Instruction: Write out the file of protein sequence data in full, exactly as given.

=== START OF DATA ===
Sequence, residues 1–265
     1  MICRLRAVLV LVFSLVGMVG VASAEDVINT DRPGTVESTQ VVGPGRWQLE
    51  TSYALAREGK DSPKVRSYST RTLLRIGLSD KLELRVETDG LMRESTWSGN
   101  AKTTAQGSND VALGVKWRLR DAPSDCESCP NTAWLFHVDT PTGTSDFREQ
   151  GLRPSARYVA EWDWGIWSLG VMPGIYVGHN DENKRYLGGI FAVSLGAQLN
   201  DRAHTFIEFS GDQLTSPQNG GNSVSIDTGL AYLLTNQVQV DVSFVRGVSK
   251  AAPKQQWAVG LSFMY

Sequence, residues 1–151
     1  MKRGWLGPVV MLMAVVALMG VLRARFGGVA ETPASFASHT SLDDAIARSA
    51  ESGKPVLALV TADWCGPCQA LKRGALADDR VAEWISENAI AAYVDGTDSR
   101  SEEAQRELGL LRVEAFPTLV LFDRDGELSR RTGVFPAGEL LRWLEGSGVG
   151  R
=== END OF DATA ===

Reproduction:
Sequence, residues 1–265
     1  MICRLRAVLV LVFSLVGMVG VASAEDVINT DRPGTVESTQ VVGPGRWQLE
    51  TSYALAREGK DSPKVRSYST RTLLRIGLSD KLELRVETDG LMRESTWSGN
   101  AKTTAQGSND VALGVKWRLR DAPSDCESCP NTAWLFHVDT PTGTSDFREQ
   151  GLRPSARYVA EWDWGIWSLG VMPGIYVGHN DENKRYLGGI FAVSLGAQLN
   201  DRAHTFIEFS GDQLTSPQNG GNSVSIDTGL AYLLTNQVQV DVSFVRGVSK
   251  AAPKQQWAVG LSFMY

Sequence, residues 1–151
     1  MKRGWLGPVV MLMAVVALMG VLRARFGGVA ETPASFASHT SLDDAIARSA
    51  ESGKPVLALV TADWCGPCQA LKRGALADDR VAEWISENAI AAYVDGTDSR
   101  SEEAQRELGL LRVEAFPTLV LFDRDGELSR RTGVFPAGEL LRWLEGSGVG
   151  R